never forget that) pulled from the old machine into the new mailboxes while one could see
the inbound mail slowly transitioning to the new machine. After about a week there was no more
mail incoming at the hosted service and after about a month of running this configuration
the hosted service has been disabled.
First one has to install
fetchmail. This can be done either by packages or ports:
pkg install mail/fetchmail
cd /usr/ports/mail/fetchmail make install && make clean
fetchmail is mainly done through
First one sets a few basic options for the daemon:
set daemonsupplying the number of seconds to poll. A typical interval is 300 seconds (5 minutes) or higher - the more mailboxes one syncs the larger the interval should get usually.
set syslogwhich is a pretty good idea. Then the logs go to
rootuser dependent on ones system configuration) using
set no bouncemailoption. This is done in this case since all bounce handling is already done by the downstream server and the upstream server had all mailboxes configured correctly for sure.
antispamSMTP error codes or disabling this behavior. For the described application anti spam error code detection is not needed.
This leads to the following header lines in
set daemon 300 set syslog set postmaster root set no bouncemail defaults: timeout 300 antispam -1 batchlimit 0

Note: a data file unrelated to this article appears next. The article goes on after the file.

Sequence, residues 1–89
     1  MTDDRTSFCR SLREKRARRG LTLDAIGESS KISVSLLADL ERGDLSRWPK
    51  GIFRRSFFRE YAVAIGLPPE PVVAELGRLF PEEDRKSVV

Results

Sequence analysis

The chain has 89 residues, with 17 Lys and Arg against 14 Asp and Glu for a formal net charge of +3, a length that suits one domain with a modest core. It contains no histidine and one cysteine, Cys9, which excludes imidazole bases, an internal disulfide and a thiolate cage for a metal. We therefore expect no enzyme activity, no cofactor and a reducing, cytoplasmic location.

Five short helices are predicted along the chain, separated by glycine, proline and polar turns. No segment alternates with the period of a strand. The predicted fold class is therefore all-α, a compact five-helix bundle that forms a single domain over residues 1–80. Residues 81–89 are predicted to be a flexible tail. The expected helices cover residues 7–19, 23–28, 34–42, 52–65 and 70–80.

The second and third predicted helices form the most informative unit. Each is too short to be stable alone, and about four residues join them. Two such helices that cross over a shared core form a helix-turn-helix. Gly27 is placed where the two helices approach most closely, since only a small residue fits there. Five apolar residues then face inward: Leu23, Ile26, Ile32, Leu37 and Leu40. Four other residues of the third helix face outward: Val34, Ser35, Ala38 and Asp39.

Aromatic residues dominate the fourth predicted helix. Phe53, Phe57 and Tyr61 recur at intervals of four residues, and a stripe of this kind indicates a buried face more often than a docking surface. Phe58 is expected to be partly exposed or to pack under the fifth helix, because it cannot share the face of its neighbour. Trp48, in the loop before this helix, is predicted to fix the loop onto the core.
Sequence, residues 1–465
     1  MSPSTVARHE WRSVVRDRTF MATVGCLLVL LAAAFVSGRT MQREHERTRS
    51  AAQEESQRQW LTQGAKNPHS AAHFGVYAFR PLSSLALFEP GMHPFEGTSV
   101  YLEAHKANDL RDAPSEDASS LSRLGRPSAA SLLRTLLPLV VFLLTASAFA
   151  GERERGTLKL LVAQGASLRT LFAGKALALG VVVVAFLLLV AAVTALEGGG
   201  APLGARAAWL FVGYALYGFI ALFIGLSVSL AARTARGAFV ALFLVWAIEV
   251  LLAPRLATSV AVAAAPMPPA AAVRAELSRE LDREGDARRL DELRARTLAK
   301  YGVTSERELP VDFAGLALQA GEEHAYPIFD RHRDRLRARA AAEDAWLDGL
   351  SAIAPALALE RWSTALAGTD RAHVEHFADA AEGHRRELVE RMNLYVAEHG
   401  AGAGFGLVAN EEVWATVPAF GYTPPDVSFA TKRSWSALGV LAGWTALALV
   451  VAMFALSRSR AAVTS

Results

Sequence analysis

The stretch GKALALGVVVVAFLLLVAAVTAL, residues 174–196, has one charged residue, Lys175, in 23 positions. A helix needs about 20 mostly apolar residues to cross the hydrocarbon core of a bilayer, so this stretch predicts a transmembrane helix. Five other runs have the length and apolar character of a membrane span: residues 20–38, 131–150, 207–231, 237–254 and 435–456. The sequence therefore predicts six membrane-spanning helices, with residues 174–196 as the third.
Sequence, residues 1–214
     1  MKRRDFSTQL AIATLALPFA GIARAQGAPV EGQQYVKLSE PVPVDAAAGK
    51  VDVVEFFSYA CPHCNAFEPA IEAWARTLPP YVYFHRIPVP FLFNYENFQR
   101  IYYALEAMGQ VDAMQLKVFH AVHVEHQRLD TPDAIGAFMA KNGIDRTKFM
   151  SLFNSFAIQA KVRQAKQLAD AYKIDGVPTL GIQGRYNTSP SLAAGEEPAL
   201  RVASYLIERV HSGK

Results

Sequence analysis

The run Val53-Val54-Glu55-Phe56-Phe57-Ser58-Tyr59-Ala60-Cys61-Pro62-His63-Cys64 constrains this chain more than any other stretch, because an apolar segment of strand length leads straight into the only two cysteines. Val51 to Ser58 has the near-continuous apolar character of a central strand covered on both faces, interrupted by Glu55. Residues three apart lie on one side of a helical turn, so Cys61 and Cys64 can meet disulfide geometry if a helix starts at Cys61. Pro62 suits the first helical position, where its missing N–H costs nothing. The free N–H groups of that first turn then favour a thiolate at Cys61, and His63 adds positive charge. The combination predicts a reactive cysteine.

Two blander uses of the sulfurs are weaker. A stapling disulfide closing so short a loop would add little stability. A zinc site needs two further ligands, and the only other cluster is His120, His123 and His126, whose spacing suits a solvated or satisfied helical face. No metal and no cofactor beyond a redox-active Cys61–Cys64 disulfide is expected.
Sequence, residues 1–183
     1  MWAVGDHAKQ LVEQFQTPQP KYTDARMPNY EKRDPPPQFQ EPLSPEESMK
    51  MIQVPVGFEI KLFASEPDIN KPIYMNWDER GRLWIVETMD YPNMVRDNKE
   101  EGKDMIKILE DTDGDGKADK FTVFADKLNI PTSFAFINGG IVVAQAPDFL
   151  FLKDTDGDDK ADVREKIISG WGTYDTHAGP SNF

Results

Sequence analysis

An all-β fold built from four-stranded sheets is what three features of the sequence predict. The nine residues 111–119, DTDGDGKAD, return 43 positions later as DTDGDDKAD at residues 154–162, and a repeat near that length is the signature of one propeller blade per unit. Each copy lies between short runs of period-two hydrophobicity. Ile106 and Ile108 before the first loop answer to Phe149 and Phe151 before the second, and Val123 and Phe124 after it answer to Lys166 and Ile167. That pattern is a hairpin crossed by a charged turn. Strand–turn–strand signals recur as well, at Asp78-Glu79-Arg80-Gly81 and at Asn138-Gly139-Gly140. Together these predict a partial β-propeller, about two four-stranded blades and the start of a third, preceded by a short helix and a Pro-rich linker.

Now one has to configure the actual actual remote mailboxes to poll and the (in my case local) mailboxes one wants to deliver the mail to. This is done line by line in the form:
poll mail.example.com protocol IMAP user "email@example.com" there with password "secret" is "firstname.lastname@example.org" here fetchall
In addition one might add the
keep attribute to keep messages on the source mailbox. When
one doesn’t specify them they’re deleted there automatically (which is what I wanted to do since
this has been used in the migration process from one mail server to another one while the DNS
records propagates through the network so old mail still arrived on the old mail servers).
Now one just has to enable the service in
rc.conf and start up fetchmail:
echo "fetchmail_enable=\"YES\"" >> /etc/rc.conf /usr/local/etc/rc.d/fetchmail start
Note that the local MTA has to accept deliveries from the
fetchmail client without checking
for login (one can let fetchmail log into a mail server of course - it’s entirely possible to use
the daemon to transfer messages from any mailbox on a remote host to another mailbox on another
remote host anyways). This is most of the time done using
permit_mynetworks in Postfix’s
main configuration file
/usr/local/etc/postfix/main.cf. In case one uses some kind of
mail filters like OpenDKIM they also require configuration to pass mail with invalid recipient
addresses, etc. to the given mailboxes - this is of course only possible when one has administrative
control over the target mail server.
This article is tagged:
Dipl.-Ing. Thomas Spielauer, Wien (email@example.com)